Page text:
My Closet: Part 2
Next to the puppet theater and the pans, on the top shelf of the closet, is a box containing GI Joe action figures, outfits (mostly uniforms) and accessories. These are my brothers’ toys, but they didn’t want them, so they ended up in my closet. There are at least 8 complete outfits with accessories, including oxygen tanks, backpacks, weapons, a canteen, an attaché case with secret weapons inside of it, a spy radio kit, a bugle, machete, camouflaged bandana, and so on. My brother Markus can match each accessory to its corresponding outfit and explain how the little gadgets work. The figures themselves are quite fascinating with a series of joints that can be manipulated to mimic a human body (ankle and knee joints, wrist and elbow joints). They are more intricate than the Barbie dolls my sister and I played with.
My sister and I decided to get rid of our Barbie dolls (I actually had a Madge doll) because they were too worn. Their hair had been styled a few too many times and their plastic skin couldn’t be cleaned anymore, rendering them beyond ugly. But my mom kept most of the Barbie clothes – she washed and ironed every piece and put it neatly into a large plastic wardrobe bag, complete with moth balls. And now the bag sits on the top shelf of my closet. I like to pull out individual outfits once in a while and marvel at their construction. Some of the outfits are the ones that came with the dolls, or that we bought. But the majority of the outfits were sewn or knit by my grandmother.
My Swiss grandmother came to visit us in Norfolk from November to January one year in the early 60s. It was the year my sister and I hoped to finally get a Barbie doll. Each day, she would disappear for a few hours to her room – to nap we supposed. My grandmother earned her living as a seamstress. She was also a master knitter. When we would visit her in the summers, we got to pore over knitting magazines and choose a sweater we would like for her to make us. We went with her to the yarn store and chose the wool that would be perfect for our sweater. Sometimes she finished the sweater before we headed back to the States, and sometimes it would come in the mail in a brown paper package, tied up with twine.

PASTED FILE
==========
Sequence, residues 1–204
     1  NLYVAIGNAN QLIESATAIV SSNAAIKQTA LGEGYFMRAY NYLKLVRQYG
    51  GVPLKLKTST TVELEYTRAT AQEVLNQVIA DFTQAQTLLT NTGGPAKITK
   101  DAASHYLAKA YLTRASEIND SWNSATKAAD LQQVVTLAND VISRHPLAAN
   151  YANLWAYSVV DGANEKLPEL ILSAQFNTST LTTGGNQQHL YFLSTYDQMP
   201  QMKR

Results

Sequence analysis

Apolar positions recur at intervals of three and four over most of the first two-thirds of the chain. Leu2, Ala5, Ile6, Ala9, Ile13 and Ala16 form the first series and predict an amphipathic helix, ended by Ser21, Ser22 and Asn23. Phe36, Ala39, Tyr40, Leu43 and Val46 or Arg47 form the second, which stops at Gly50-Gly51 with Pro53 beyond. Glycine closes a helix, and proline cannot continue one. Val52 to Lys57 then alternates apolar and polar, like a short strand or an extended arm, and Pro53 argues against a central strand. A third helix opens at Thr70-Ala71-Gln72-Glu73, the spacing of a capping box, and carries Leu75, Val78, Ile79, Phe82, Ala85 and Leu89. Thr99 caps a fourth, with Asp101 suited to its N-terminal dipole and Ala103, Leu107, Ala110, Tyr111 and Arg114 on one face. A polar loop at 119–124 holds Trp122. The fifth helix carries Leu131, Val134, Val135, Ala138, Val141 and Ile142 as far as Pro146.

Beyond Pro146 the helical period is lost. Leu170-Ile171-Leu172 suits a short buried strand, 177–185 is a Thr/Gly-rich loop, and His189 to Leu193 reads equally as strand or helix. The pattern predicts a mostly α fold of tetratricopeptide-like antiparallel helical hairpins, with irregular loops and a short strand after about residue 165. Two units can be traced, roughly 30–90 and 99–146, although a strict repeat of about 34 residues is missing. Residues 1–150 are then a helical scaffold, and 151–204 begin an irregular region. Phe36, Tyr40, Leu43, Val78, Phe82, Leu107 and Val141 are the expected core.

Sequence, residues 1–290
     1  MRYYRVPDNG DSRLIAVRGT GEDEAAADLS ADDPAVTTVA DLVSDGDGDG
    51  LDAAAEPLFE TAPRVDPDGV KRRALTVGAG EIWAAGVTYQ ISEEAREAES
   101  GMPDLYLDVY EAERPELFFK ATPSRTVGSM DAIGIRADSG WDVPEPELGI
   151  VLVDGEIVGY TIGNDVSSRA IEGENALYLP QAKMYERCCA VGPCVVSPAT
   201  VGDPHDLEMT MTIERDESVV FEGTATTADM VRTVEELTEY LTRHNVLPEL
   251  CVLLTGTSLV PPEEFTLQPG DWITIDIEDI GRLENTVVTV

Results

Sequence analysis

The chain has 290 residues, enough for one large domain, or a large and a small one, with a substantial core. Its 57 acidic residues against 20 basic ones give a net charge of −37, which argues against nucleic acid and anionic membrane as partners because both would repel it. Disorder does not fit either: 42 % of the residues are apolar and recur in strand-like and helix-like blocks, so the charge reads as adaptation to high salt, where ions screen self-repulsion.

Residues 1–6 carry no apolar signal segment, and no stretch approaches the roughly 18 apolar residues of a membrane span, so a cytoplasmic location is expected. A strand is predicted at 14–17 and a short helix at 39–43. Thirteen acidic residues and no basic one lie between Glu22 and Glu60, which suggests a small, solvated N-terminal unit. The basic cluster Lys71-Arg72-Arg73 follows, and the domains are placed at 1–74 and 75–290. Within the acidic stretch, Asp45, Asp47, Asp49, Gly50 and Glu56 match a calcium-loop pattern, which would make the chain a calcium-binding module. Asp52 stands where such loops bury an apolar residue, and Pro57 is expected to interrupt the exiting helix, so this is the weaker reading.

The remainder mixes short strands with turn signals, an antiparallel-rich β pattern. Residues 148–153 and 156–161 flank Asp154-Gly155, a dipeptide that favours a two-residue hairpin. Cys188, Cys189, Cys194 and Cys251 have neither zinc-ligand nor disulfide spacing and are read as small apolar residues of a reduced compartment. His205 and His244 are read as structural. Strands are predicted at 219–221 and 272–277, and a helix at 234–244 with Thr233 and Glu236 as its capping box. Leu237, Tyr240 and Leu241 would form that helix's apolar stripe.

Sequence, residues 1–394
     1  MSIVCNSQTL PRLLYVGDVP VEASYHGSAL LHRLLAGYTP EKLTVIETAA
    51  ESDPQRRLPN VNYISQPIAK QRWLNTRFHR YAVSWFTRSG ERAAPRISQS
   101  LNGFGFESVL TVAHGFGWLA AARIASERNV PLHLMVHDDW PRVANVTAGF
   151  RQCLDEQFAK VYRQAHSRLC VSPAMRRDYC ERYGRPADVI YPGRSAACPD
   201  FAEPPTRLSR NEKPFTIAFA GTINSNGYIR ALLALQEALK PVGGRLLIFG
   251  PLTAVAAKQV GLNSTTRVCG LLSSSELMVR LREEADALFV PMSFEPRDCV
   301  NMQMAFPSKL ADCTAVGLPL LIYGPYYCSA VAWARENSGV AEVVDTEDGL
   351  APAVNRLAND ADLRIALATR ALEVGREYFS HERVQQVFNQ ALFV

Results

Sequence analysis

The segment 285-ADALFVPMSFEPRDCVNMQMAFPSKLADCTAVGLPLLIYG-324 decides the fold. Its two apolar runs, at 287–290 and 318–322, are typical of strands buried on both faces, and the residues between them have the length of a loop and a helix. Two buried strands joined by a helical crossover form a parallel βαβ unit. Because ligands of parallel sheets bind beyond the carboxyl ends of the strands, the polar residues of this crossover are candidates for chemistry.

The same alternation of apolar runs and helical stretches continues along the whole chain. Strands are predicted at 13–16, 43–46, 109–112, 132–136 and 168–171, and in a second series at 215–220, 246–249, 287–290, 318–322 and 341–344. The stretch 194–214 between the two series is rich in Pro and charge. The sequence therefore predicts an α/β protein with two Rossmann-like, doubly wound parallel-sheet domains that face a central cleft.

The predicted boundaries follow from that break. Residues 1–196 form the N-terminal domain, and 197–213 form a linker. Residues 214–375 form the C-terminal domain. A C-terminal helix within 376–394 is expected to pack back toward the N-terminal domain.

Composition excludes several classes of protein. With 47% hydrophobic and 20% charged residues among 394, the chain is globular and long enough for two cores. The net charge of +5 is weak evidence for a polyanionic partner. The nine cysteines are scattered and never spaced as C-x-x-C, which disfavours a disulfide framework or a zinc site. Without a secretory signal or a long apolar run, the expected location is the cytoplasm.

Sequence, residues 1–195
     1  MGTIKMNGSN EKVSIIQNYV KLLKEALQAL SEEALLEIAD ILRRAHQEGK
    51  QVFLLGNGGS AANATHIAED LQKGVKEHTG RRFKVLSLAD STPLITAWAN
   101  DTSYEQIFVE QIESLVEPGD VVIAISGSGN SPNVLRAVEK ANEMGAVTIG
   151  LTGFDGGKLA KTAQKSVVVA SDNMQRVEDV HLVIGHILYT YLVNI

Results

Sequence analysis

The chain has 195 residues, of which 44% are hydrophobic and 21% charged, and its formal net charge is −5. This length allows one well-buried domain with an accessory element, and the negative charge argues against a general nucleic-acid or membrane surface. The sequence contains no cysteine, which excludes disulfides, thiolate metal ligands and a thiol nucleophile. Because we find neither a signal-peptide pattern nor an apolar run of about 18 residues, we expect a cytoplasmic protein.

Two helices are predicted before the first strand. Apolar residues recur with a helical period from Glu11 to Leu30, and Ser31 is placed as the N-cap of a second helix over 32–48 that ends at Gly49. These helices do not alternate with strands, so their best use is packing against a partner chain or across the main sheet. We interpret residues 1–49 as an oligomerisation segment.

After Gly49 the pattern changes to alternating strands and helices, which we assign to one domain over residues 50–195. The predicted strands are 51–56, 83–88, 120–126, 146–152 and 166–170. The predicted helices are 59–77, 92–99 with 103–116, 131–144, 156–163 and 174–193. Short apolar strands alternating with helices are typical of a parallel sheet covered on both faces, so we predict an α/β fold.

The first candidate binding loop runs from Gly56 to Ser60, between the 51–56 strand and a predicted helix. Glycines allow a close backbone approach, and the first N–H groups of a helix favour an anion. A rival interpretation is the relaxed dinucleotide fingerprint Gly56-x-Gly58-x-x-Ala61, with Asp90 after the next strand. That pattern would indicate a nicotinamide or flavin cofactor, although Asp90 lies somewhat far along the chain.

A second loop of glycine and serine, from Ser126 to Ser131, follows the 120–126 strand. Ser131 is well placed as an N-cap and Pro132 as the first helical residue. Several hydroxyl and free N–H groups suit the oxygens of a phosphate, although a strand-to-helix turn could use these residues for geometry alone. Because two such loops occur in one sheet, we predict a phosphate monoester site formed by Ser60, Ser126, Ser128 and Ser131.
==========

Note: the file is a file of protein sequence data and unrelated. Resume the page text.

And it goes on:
So, it should have come as no surprise to us that when she disappeared each day, she was making doll clothes for our Barbies. She used leftover scraps of fabric and yarn to make the clothes. She used teensy buttons, snaps and ties for closures. The busts had darts to fit Barbie’s ample bust and the style of the clothes was heavily influenced by the times – the time of Jackie Kennedy – complete with pill box hats, sheath dresses, shawl collars, and fur trimmed coats. We not only received Barbie dolls that Christmas, we also got a complete wardrobe of stylish, handmade clothes – better than the store-bought stuff.
I had a Barbie case and I delighted in hanging the dresses and coats up on the clothes rod and folding the sweaters and underwear neatly in the bottom of the case.
I have become the keeper of these things nobody else wants. I don’t have lots of space in my house, but I can’t imagine parting with them. My kids have made it clear they are not interested in any of the stuff at this point in time, so I am holding out hope that, as my granddaughter gets older, we can pull these things out and play with them. And, even if the things disappear at some point, I can hope that the memories and stories associated with them, will continue.